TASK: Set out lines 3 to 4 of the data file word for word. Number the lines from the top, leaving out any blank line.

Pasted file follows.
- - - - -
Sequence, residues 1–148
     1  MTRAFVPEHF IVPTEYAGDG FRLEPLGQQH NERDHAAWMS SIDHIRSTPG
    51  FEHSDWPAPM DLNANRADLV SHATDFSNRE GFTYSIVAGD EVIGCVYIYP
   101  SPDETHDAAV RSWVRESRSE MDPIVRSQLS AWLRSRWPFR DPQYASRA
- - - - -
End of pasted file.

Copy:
    51  FEHSDWPAPM DLNANRADLV SHATDFSNRE GFTYSIVAGD EVIGCVYIYP
   101  SPDETHDAAV RSWVRESRSE MDPIVRSQLS AWLRSRWPFR DPQYASRA